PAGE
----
“It seems that the watchman of the garden, Rama Naicker, did not allow him even to enter the garden?” I enquired.
Bhagavan: “No. He did not allow my uncle. That is why he wrote a chit and sent it inside. For writing the chit, however, he had neither pen nor pencil. What could he do, poor man! He took out a neem twig, sharpened the end to a point, plucked a ripe prickly-pear from its stalk, cut it open, dipped the twig into the red juice of the pear, and with it wrote the chit and sent it on to me. He finally came in and realised that there was no chance of my accompanying him. Subsequently, he saw in a neighbour’s garden a learned man giving a discourse on some book to a small gathering and so went to enquire about me. In the view of that learned man I was an ignorant person knowing nothing, so he said, ‘That boy is sitting there without any education and with a crude philosophy’. My uncle was naturally worried because I was young; had not learnt anything from anyone and might turn out to be a good-for-nothing fellow. So he told that gentleman, ‘Please keep an eye on my nephew and teach him something, if possible’, and went away. For a long time, he (that learned man) held the view that I knew nothing, and tried once or twice to teach me something, but I never cared. Later on, when I was giving a discourse on the ‘Gita Saram’ in the Eesanya Mutt, he came there. He then discussed with me various matters and when he heard my explanations and expositions of the Gita, he said, ‘Oho! You are such a great man! I thought you were illiterate.’ So saying, he suddenly prostrated before me and went away. Nelliappa Iyer, however, continued to feel sad for a long time for my lack of education.”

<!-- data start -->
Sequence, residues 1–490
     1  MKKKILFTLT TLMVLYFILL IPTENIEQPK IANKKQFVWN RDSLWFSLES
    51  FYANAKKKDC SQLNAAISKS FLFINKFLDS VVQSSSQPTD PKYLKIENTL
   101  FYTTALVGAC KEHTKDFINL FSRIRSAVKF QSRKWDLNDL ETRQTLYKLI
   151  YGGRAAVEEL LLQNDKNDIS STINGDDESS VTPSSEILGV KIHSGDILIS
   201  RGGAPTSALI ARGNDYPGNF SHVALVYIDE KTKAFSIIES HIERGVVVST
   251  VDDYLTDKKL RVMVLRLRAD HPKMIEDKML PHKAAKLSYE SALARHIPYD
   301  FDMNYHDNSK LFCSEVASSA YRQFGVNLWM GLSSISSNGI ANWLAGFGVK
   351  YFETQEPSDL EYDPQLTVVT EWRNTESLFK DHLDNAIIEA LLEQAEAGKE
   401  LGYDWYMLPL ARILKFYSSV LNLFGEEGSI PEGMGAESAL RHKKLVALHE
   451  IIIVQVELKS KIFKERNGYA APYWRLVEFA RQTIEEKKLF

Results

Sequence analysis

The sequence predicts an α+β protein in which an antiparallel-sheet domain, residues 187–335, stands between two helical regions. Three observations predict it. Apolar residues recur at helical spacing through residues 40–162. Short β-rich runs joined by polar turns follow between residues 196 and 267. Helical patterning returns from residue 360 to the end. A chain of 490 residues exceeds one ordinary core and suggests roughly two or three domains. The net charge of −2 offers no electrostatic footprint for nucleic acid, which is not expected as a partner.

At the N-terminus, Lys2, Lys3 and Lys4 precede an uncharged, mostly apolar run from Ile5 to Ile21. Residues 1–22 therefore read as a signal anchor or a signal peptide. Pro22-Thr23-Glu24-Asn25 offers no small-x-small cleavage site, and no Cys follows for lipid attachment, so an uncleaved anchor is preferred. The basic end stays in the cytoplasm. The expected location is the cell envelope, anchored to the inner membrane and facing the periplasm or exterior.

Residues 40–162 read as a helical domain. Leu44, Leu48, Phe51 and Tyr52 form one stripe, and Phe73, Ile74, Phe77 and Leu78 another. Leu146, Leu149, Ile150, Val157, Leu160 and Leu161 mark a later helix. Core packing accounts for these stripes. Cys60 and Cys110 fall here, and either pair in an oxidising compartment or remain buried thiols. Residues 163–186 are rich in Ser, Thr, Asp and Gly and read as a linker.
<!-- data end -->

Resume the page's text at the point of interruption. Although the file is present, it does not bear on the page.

On my enquiring whether he ever came back, Bhagavan said, “Yes. He came Backtwice when I was in the Virupaksha cave. On the first occasion, I never spoke anything. Though I was speaking to someone before he came, when I learnt he was coming I kept silent as I did not like to say anything before an elder such as he. But you know what happened when he came another time? I did not know beforehand about his coming. Some people wanted me to explain to them the meaning of Dakshinamurthy Stotra, while I was in the Virupaksha cave, and so I began explaining. Daily I used to sit facing the door; that day I sat with my Backto it. Hence I did not know of his arrival. He came in quietly and sat outside listening to me. We came up to the Sloka “Nana Chidra’. After I gave out its meaning and began my commentary thereon, he suddenly came inside and sat down. What could I do? I felt unconcerned and gave my commentary without any hesitation. After hearing it all, he felt that his nephew was not an ordinary person, that he knew the subject very well and hence there was no need to worry any further. He went away fully satisfied. Till then he was always anxious about me. That was his last visit. He never came again. He passed away a few days later.” Bhagavan’s voice quivered, as he said that.
“This incident has not been mentioned in the Biography. Why is it?” I asked. Bhagavan replied saying, “It ought to be there. But they never asked me and I never told them.”